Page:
Livingstone asserts that smartphone adoption has dramatically changed the traditional view of contact center and customer care technology. “Enterprises are building applications for customer care for smartphones, and we work with a lot of our customers who have done that or are doing that,” she says, noting that Nuance is heavily involved in customer care applications for both feature phones and smartphones.
But, Livingstone stresses, speech is still important, and customers must have the ability to quickly and easily connect with a live agent: “When I hit a snag, when I need more help, I need to be able to get through to an agent, and then that agent will need to pick up [the entire] context from the interactions up to that point.”
Nuance sees the rise of multimodality and multichannel communications as a boon for speech, Livingstone adds, predicting speech will remain a central mode of input—just not the only mode.
“There is a vision we have for a greater interaction between automation and the agent that’s made possible by this kind of multimodal interaction,” Livingstone says. “The demand for more usable and compelling applications is simply growing, and speech is a critical part of that equation.”
As the speech industry prepares for its multimodal future, it would be useful for vendors and enterprises—particularly those in the U.S.—to study the European market and learn from its example, successes, and failures.
According to Scholz, a fluid use of multimodality requires high bandwidth. To quickly and efficiently push comprehensive video information down to users’ handheld devices, and to collect speech and multichannel input from devices and push it up to the server that’s processing it, you need bandwidth—and lots of it.
“Europe has traditionally been ahead of us in the implementation of networks with good bandwidth,” Scholz says. “We [in the U.S.] are struggling with what we call 3G right now, while much of the rest of the world is already happily doing 4G.”
This, Scholz says, makes all of the difference and allows mobile devices to be used to complete important tasks. He predicts that as 4G becomes more available in the U.S., the use of multimodal applications will increase and people will begin to take them for granted. He also predicts the rise of a new type of user interface, and with it a new acronym: multimodal user interfaces or MUIs.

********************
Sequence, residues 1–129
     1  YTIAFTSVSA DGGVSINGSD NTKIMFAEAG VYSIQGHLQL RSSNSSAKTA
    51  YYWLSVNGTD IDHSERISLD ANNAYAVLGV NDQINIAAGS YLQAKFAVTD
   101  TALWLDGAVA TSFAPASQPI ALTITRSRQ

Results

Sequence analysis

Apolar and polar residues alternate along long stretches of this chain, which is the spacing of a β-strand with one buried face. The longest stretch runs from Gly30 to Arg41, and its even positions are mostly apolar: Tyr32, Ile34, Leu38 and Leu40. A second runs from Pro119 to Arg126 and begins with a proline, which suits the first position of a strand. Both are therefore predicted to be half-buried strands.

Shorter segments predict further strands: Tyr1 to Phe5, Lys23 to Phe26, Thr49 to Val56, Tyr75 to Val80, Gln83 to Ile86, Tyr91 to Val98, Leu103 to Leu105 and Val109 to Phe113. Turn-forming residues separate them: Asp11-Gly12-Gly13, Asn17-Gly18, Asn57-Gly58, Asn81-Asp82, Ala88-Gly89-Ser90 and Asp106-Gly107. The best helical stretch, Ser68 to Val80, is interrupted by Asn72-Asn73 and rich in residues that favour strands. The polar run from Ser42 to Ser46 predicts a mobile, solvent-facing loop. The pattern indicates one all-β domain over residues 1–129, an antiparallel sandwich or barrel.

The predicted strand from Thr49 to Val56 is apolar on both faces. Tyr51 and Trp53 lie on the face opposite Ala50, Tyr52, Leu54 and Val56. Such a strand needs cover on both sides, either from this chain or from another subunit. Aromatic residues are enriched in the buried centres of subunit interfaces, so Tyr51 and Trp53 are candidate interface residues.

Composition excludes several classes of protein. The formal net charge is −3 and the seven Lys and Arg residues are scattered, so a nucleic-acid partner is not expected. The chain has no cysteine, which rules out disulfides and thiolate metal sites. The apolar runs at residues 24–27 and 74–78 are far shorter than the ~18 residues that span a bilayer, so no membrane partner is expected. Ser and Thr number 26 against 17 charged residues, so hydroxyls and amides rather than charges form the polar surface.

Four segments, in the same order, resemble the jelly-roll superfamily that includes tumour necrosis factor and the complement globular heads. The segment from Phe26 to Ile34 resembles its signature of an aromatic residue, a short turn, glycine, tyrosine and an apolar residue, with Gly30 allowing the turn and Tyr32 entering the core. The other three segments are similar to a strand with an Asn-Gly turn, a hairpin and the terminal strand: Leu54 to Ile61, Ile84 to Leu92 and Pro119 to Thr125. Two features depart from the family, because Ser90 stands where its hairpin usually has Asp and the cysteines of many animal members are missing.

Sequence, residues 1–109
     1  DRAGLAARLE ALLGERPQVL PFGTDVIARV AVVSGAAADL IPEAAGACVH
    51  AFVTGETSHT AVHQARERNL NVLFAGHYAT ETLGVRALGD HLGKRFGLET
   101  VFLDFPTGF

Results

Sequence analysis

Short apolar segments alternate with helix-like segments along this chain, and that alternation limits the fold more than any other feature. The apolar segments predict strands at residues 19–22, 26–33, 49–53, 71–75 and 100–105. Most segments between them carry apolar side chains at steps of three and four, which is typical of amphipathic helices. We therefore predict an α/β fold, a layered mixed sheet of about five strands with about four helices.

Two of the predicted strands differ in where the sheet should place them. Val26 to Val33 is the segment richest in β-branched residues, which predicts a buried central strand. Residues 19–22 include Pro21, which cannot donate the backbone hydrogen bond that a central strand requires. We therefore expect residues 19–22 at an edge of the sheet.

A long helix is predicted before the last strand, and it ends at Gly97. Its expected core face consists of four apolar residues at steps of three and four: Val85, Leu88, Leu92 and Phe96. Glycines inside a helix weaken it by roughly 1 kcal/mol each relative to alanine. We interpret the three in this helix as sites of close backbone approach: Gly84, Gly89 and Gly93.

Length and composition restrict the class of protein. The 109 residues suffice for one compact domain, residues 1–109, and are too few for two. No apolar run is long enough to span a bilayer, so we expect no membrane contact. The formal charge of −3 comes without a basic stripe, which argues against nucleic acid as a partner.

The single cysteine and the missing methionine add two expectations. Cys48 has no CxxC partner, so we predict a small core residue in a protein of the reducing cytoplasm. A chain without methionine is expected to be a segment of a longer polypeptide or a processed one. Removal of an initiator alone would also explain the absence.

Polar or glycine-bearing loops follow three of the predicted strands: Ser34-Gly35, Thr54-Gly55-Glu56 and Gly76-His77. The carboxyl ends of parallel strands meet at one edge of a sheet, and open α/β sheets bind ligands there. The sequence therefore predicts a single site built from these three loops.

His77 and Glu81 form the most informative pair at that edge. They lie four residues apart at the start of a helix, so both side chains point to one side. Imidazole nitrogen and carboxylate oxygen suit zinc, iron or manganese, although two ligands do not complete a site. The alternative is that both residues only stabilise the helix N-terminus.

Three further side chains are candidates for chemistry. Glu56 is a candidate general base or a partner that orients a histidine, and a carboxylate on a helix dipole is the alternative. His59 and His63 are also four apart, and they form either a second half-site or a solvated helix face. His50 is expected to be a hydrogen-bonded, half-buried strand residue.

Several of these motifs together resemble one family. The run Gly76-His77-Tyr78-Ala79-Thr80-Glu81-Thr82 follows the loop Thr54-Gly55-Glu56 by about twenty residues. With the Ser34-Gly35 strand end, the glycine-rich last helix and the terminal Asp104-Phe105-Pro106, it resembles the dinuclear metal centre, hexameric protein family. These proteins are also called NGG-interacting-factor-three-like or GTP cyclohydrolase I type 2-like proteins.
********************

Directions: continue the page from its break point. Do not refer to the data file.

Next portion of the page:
“MUI is a target term right now,” he says. “It hasn’t really become fully accepted by the community, but it is being used more and more.… This is indicative of what is to come: that there will be a multimodal user interface sub-area within the profession that will focus on all [these] issues.
“We’re going to see a hockey-stick curve increasing the capability of smartphones and what they are able to do as MUI design increases and bandwidth to the palm of your hand increases.”
Larson also sees differences between the U.S. and the more advanced European markets—differences that affect vendors, enterprises, and end users—but expects the situation will resolve itself as the U.S. builds its communications infrastructure.
“I think we should look toward Europe as a way to do things, learn from their experiences, figure out what worked right, figure out what worked wrong, and not make their mistakes, and leverage their successes,” he says. “We’re in a good position now.”
Looking toward the future, Larson says more functions will be placed on mobile devices. “[The cell phone] will become a sort of Swiss Army knife for everything under the sun,” he says, noting that to some degree this has already happened with people using mobile phones as alarm clocks and cameras.
As a result of this trend, Larson predicts that smartphones—with their limited screen size—will become more complex to use, resulting in a new kind of interface that includes, but is not limited to, speech.
Additionally, Larson imagines a future in which the form factor of mobile devices will change dramatically—even resembling the stuff of science fiction—with component parts embedded into jewelry, belts, etc.
“Hearing aids have Bluetooth enabled so you can pipe output from your computer into your hearing aid,” he says. “Perhaps there will be glasses that will have screens embedded in the lenses so you can see things as well as hear them.”
As with any new endeavor, Larson says, mistakes will be made and products will fail. However, this is natural when people attempt to harness new technologies to solve new problems.
“We can anticipate that there will be some failures, but there will also be some thriving successes,” he says. “With energy and creativity, people will find really interesting ways of using things that we can’t imagine right now. There are applications out there that we can’t even think of now that will suddenly become apparent.”